For Dalmore's cats and dogs, the summer months of July and August were always eagerly anticipated. This was when the Islanders from every part of Britain would return "home" to the village of their birth; "leis na'daoine againn-fhein" (with our own people). Often, they would bring with them their "pets", a strange name mainlanders had for their animals, but perhaps not so, when you observed the miscellany of creatures that descended on Lewis. Rupie asked Murdo about "pets", but was none the wiser for his explanation. She was to learn much later, that the only time one would hear this word, was if Iain Shoudie had to hand feed a young lamb, whose mother had died, or had "not taken to" her lamb. Bottle fed in the house, such a hand reared creature was called a "pet lamb". In no other sense was the word "pet" used, with regards to animals, as far as I know. Pets or not, these strange cats and dogs were like a breath of fresh air in the village, and many were the friendships that were forged between Dalmore's animals and the mainland "crew". Among many of the cats and dogs it was a case of renewed friendship, as the majority of the "Gall"(strangers) had been in Dalmore before.
The regular visitors to Nos. 4 and 5 Dalmore were free to stay in either house, which they regularly did. Prominent among them was Victoria Chantelle, a blue-cream Persian cat, the epitome of feline beauty, who hated her pedigree second name, Chantelle, which she thought sounded like that yellow mushroom favoured by chefs. Blue-cream was fine, but yellow, no. She was always called Vicky, except on the odd formal occasion she attended with Mr. Dow, her boyfriend. Vicky's grown daughter, by Mr. Dow, of course, was a beautiful large tabby, with a white front and white 'spogs' on an otherwise striped fur coat. She was a very bonnie cat, with a delightful nature. She answered to "Tigger". Bringing up the rear, so to speak, was Guinness, "the Cardonald Cat", a small slim black cat, with white markings on her mouth and paws("spogs"). She did not enjoy any mention of "Cardonald", unlike the Reverend MacCollie, who never failed to mention that place in every testimony he gave. In charge of these holiday cats, was Jura, the black Labrador who had travelled up with her" three sisters" from Glasgow by" train and Macbrayne"(their little joke). It should be pointed out that their master accompanied them, since the rail and boat authorities had some strict rules vis a vis animals in transit. Jura would venture that these companies might take a closer look at the state of the poor craturs that stumble in and out of that favoured room, the "saloon bar". Still, they were so happy to be "home" once more in Dalmore, with all their "cousins". A lot of parenthesis in that last sentence,but you know what I mean !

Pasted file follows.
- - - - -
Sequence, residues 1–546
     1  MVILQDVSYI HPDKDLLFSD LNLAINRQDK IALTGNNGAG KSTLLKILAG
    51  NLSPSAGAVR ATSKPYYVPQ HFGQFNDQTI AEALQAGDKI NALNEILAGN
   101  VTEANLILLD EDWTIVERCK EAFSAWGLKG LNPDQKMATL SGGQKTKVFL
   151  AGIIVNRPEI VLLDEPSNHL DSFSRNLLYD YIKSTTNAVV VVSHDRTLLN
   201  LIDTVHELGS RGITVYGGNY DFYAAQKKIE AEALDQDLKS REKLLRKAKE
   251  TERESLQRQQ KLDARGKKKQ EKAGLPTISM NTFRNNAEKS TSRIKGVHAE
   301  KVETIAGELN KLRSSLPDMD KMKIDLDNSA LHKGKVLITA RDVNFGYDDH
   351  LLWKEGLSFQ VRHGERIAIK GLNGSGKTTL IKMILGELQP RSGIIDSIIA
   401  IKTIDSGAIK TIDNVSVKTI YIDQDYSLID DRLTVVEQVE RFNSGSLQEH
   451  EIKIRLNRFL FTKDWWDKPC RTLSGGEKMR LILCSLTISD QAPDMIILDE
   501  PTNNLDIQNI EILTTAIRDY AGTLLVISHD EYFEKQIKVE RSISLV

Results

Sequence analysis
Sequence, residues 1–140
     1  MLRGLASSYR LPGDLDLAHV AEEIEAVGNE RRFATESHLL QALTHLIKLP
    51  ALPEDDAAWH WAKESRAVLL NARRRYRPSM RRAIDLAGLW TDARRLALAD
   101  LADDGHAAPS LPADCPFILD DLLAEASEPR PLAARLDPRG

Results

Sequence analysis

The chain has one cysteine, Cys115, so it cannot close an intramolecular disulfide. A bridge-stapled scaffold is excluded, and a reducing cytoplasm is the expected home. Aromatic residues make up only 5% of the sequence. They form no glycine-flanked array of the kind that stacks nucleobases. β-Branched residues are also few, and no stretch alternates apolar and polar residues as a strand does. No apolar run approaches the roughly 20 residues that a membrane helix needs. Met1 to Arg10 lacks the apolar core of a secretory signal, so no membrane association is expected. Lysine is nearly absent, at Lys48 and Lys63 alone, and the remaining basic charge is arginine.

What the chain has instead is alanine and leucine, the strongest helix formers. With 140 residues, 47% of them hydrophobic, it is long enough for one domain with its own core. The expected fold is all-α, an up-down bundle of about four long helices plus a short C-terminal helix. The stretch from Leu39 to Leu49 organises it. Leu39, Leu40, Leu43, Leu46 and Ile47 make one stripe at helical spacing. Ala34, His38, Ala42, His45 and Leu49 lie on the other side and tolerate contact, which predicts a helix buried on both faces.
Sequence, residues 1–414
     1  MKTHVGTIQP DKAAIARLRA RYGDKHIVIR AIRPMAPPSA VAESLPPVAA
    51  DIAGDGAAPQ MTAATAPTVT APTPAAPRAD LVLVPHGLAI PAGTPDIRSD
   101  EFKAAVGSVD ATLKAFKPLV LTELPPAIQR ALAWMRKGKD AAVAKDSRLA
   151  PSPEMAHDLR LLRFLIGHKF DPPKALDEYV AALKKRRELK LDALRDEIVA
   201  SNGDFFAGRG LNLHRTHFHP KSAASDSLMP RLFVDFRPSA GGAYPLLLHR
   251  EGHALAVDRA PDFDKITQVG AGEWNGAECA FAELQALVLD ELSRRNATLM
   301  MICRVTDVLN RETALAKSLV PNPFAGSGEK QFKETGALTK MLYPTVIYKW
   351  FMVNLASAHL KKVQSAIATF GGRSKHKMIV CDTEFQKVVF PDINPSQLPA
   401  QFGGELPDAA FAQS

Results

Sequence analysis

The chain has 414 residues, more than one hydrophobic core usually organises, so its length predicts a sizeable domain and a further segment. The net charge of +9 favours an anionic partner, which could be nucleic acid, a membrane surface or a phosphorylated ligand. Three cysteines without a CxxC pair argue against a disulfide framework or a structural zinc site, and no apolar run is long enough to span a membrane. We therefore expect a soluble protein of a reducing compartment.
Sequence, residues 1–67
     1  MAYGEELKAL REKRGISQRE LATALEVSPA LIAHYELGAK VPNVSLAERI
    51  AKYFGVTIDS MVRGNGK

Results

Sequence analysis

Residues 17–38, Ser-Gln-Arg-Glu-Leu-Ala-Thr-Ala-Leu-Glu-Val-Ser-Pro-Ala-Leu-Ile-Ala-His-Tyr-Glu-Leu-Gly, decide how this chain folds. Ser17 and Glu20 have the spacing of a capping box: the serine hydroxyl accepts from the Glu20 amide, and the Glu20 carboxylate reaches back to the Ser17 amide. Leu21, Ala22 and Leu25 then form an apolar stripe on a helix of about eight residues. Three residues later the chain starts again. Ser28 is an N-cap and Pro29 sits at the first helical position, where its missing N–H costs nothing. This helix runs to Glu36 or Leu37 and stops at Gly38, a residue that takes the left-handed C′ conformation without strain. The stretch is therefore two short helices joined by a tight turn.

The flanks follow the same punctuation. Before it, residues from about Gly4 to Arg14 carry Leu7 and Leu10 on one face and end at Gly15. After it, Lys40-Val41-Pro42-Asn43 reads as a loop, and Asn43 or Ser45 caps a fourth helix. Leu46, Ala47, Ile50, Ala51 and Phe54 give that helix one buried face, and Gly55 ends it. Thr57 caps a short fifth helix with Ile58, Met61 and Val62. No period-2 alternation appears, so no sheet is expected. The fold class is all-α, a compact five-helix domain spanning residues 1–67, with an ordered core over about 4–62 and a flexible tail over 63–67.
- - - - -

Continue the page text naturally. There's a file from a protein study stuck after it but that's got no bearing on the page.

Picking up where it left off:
Tigger and Jura mostly stayed at No.5 with Filax and Fancy. Tigger and Filax looked alike, and were simply two of the gentlest of creatures - what you might say, "real pussycats". Fancy and Jura were straight out of Burns' poem, "The Twa Dogs"
Her hair, her size, her mouth, her lugs,
Shew'd she was nane o'Scotland's dogs,
But whalpet some place far abroad,
Where sailors gang to fish for Cod.
Burns here is describing a "Labrador" dog, or it might be a "Newfoundland" dog. Same difference, I'd say.
The tither was a ploughman's collie,
A rhyming, ranting, raving billie.
Her gawsie tail, wi' upward curl,
Hung owre her hurdies wi' a swirl.
No explanation needed here, except that the original dogs in Burns's poem, Caesar and Luath were male, and
Nae doubt but they were fain o'ither.
Victoria Chantelle (sorry, Vicky) that beautiful blue-cream Persian cat boldly stated that she would reside only at No.5, a modern "taigh dubh" cared for by two maiden ladies, a house beautifully appointed with dressers, settees, fireside chairs, curtains and some wally dugs. As nice as the Shoudie Boys were, and even if they could talk to the animals, Vicky couldn't see herself spending eight weeks up the hill at No.4 - no way, a' ghraidh !
Guinness always knew where she would stay; up the "liathad" at "taigh Shoudie" with So-Sally,Rupie and Stowlia the dog, and Kenny Iceland, if he was actually "in from the cold." It might be a tad primitive ( two old bachelors) but this was a house full of fun, music and ceilidh. Iain Shoudie was the Master of Ceremonies in this theatre of laughter, because all agreed that Iain was best placed to talk to, and understand the animals. You might recall that 'an Shoudie was, if you like, "Dalmore's Doctor Dolittle" possessing a very rare gift, and his brother Murchadh (Murdo) to a lesser extent.